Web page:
8. Pingback from Nations Argue Over Who Will Control Internet at Telecommunications Conference « Set You Free News on ::

    [...] opposition against the WCIT proposed controls over the internet. Developers for Modzilla said in a statement: “The issue isn’t whether our governments, the UN or even the ITU should play a role in shaping [...]

  9. Pingback from Nations Argue Over Who Will Control Internet at Telecommunications Conference | Truth Is Scary on ::

    [...] opposition against the WCIT proposed controls over the internet. Developers for Modzilla said in a statement: “The issue isn’t whether our governments, the UN or even the ITU should play a role in shaping [...]

  10. Pingback from UNITED NATIONS NOW SEEKS TOTAL CONTROL OVER THE INTERNET « sreaves32 on ::

    [...] opposition against the WCIT proposed controls over the internet. Developers for Modzilla said in a statement: “The issue isn’t whether our governments, the UN or even the ITU should play a role in shaping [...]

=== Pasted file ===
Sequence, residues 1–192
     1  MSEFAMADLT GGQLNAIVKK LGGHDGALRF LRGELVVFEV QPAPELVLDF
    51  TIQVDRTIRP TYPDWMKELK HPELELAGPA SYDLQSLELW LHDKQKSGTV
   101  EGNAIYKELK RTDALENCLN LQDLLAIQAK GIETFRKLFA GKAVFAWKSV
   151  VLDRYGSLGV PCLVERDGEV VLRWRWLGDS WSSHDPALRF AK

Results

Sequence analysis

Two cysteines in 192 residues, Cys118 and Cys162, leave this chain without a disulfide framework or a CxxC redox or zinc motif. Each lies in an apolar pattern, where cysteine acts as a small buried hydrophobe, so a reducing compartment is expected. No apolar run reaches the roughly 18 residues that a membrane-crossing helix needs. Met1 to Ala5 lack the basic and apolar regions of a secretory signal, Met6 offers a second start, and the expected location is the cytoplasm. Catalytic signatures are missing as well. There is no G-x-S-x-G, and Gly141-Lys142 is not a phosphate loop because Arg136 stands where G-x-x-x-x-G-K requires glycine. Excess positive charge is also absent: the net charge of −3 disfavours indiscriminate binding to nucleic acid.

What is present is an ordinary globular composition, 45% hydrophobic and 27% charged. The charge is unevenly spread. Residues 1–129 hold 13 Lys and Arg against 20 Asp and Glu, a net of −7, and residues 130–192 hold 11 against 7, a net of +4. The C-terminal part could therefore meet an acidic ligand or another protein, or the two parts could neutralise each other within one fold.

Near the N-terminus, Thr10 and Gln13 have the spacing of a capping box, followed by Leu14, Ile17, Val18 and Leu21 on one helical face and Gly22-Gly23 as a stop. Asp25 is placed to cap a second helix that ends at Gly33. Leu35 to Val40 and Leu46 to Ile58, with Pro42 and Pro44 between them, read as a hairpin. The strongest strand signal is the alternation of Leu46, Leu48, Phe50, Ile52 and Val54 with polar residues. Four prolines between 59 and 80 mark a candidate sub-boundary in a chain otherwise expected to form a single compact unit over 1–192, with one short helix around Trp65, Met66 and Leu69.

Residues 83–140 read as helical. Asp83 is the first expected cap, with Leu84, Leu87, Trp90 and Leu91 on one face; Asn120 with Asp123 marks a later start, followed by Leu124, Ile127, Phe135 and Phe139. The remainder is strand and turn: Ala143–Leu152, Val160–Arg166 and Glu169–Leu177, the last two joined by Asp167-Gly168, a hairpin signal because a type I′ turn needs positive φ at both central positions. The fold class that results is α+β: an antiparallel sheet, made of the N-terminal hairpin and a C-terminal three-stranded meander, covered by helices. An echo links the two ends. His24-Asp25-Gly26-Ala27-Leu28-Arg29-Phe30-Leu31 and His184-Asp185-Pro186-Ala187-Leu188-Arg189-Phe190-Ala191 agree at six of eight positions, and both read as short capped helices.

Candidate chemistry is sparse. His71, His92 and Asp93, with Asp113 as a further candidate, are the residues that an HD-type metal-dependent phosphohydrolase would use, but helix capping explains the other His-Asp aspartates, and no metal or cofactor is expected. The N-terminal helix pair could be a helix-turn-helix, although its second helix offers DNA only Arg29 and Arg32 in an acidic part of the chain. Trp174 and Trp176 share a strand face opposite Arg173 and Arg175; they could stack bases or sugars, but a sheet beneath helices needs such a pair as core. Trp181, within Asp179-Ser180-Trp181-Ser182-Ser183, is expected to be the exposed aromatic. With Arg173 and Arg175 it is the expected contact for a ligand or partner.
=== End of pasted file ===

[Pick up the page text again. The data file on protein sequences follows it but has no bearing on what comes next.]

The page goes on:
11. Trackback from philips kaffeemaschine... on ::

    philips kaffeemaschine…

    Why is ITU Governance of the Internet a Bad Idea? | The Mozilla Blog…

  12. Pingback from INTERNET : LES ÉTATS SOUPÇONNÉS DE VOULOIR MENOTTER LE WEB !! | Street Télé Virtuelle on ::

    [...] le contrôle des activités d’opposants politiques et la vie privée des citoyens”, dénonce Harvey Anderson, l’un des vice-présidents de Mozilla, la fondation à l’origine du nav… Mais tous ces grands groupes craignent aussi une autre proposition, cette fois-ci formulée par [...]